If there is one thing about politics that unites Americans these days, it is their contempt for political parties and partisanship. More Americans today identify as independents than with either of the two major political parties. Party leaders in Congress are held in disrepute, criticized by one side for being too soft and condemned by the other for being too extreme. The partisan coalitions that defined the Democratic and Republican parties for decades seem to be breaking apart, as insurgent, “outsider” politicians — like Donald Trump and Bernie Sanders — continue to rise.

Yet while both major parties are less popular than at any time in recent history, partisan antipathy has only intensified. Party affiliation is now a bigger wedge between Americans than race, gender, religion, or level of education. Rather than being one two-party nation, the polarized U.S. is in danger of becoming “two one-party nations.”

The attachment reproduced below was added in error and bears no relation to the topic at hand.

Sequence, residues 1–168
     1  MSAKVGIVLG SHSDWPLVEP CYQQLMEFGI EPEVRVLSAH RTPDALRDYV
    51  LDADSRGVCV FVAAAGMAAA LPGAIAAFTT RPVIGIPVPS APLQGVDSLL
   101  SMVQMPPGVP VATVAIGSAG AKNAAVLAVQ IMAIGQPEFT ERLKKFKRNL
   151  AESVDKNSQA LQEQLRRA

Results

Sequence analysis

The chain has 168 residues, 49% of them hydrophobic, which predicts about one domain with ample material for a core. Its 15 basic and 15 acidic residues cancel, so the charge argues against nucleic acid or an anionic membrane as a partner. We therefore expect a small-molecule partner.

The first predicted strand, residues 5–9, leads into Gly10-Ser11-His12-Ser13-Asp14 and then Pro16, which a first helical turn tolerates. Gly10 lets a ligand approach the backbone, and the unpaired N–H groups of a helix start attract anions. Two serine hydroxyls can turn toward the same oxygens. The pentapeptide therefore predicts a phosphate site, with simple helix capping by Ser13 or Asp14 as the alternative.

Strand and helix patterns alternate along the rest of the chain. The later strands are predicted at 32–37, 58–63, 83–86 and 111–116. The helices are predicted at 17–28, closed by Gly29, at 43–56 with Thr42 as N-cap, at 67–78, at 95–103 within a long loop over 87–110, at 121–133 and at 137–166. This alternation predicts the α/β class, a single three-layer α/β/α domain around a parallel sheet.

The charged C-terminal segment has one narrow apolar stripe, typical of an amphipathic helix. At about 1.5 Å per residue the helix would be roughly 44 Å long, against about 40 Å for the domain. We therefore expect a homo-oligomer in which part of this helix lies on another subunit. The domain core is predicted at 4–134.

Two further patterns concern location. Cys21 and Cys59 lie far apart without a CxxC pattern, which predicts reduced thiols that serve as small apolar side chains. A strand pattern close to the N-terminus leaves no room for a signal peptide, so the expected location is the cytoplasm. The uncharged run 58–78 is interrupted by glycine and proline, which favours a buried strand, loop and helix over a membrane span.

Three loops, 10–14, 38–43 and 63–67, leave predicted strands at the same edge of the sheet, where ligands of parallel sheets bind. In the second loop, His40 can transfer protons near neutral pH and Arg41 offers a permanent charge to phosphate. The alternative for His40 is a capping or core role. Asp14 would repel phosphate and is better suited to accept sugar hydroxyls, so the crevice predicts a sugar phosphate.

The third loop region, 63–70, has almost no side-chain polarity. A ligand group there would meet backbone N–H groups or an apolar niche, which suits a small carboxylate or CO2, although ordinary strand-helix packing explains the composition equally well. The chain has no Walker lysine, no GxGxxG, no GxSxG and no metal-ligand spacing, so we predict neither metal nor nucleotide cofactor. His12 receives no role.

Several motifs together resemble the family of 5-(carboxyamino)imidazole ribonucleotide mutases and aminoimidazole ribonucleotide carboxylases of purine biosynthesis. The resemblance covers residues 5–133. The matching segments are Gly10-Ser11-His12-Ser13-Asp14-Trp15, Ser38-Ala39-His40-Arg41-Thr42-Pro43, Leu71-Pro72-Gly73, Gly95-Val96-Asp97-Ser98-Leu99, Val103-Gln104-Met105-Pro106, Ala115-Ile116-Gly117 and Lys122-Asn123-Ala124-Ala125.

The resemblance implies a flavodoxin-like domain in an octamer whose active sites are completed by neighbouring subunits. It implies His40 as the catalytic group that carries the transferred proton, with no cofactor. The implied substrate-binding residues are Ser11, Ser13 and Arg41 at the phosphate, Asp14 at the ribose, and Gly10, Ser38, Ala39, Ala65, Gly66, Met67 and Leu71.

What is the origin of this bitter and seemingly irreconcilable divide? Is there an ideal level of party difference? How much is too much?  In this one-week seminar, students will examine the roots of party polarization and its implications for our national politics. The 2016 election and the 2018 midterms will provide the backdrop for our discussion of the significance of parties.

Dan DiSalvo on party reform in America

Faculty

Daniel DiSalvo

Daniel DiSalvo is a Senior Fellow at the Manhattan Institute’s Center for State and Local Leadership and an Assistant Professor of Political Science at The City College of New York-CUNY.  His scholarship focuses on American political parties, elections, labor unions, state government, and public policy.

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